The Current Magazine Fall 2016 - Page 10

When, Whether and How to Remove a Dam

Sometimes FERC (or other controlling public agencies) determine that a particular dam is doing more harm than good. Even when dam removal is identified as the best path forward, the process is difficult and expensive. Sediment that builds up behind the dam, which can contain toxins like mercury, must be addressed. Water flows during the removal process must be managed to minimize harm to downstream habitat and to ensure that people and structures will be kept safe during and after removal. And the whole process takes time: once removal is identified as the best option, obtaining the necessary permits and funding, physically removing the dam, and restoring habitat can take years or more.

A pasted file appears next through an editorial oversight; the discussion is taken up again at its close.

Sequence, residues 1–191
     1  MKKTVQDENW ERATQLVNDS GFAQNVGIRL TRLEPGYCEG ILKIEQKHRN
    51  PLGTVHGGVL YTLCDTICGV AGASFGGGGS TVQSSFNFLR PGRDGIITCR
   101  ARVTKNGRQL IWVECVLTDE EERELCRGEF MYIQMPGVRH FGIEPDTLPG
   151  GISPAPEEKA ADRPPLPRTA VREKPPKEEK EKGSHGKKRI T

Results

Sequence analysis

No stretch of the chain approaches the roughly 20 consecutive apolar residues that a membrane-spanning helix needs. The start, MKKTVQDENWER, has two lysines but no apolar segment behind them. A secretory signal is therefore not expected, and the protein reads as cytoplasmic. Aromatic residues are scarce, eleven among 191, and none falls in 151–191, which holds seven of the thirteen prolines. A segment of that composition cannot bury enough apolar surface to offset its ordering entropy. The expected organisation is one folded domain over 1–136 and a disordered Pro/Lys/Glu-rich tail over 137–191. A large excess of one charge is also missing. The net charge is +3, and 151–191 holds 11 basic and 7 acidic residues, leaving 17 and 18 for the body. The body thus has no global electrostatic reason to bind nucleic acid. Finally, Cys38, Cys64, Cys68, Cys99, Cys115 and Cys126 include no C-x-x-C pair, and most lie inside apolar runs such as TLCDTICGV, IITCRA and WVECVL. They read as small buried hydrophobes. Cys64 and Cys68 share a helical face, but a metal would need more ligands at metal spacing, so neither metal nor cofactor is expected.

The Elwha River in Washington State’s Olympic Peninsula is a dam removal success story. Two dams, the Elwha and Glines Canyon Dams, were removed between 2011 and 2014. A mere five years since dam removal began the river ecosystem has experienced a rapid recovery. Sediment has flowed downriver, recharging spawning beds and restoring the beach at the river mouth; vegetation is creating new riparian habitat on ground once covered by reservoirs; and fish and wildlife populations are rapidly rebounding. The first season after Elwha Dam was removed, more than 4,000 spawning chinook salmon were counted above the dam site, after 100 years of zero fish passage to the area.